But that is totally unnecessary in this date and age, we are no kids, and technology makes it super easy to affix a tachometer to a motorcycle.

Why use a tach ? I could say same thing about a speedometer, I could find out my speed by listening to the engine at a particular gear, or peep at a car next to me in order to find out my speed ...

Peace
 

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I'd have to disagree with that. Going uphill (or downhill, or wherever) I have no need of a tach to know when to shift, either up or down. That goes for cars and trucks as well as motorcycles. Like I said, after operating a vehicle with a manual shift for an hour or so, one ought to get a right good feel for where the power and torque peaks are. You can feel when an engine's power peak goes past and you can feel when it is lugging. You can also feel when it is near redline, but perhaps less reliably so.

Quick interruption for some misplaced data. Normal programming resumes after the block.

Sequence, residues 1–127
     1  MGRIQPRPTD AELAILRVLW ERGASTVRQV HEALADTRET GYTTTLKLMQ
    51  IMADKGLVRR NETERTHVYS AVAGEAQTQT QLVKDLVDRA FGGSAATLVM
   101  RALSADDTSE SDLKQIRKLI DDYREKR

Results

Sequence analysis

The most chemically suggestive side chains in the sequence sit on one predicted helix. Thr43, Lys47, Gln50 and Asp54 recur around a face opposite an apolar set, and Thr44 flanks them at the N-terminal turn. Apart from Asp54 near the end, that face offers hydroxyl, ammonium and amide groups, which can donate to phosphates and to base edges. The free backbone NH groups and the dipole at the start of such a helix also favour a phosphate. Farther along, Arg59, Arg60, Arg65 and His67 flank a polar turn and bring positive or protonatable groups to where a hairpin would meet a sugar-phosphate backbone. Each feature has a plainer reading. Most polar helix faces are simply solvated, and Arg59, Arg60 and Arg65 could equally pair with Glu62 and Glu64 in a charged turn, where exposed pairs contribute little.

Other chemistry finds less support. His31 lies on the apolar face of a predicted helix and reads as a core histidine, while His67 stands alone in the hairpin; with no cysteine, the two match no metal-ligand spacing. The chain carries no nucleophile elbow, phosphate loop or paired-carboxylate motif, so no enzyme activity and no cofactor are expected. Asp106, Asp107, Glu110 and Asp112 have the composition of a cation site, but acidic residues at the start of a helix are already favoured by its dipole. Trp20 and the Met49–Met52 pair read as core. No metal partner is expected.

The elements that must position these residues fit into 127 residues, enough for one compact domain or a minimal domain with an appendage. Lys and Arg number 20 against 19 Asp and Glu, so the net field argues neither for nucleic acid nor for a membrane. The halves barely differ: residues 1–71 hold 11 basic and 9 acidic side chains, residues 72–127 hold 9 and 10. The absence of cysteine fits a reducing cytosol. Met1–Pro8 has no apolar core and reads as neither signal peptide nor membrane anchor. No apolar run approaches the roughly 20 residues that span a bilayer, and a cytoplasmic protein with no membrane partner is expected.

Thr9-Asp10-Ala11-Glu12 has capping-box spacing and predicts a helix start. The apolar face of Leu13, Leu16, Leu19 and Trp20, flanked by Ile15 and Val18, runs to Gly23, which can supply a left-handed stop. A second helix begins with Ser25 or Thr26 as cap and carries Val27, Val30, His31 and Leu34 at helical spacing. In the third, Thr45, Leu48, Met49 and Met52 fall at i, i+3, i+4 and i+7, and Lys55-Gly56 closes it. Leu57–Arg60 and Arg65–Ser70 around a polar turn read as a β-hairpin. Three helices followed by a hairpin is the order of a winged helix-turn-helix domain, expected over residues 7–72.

At any rate, stuck in the mud I don't think I'd deliberately rev it past its peak (we're talking, then, about halfway to redline; both torque and power fall off well before redline, so why go there?) but, if I did, the valves would float before it over-revved.

Candidly, I don't look at the tach. I know when the engine is happy. That means it is on top of its curve. I can feel when it is not happy, and that's because it has gotten too far along the curve and is straining to make power, or it is too early in the curve and is straining to make torque. And I shift to get it back to happy. If I could hack my Vapor I'd get rid of the tach and put in a nice clock!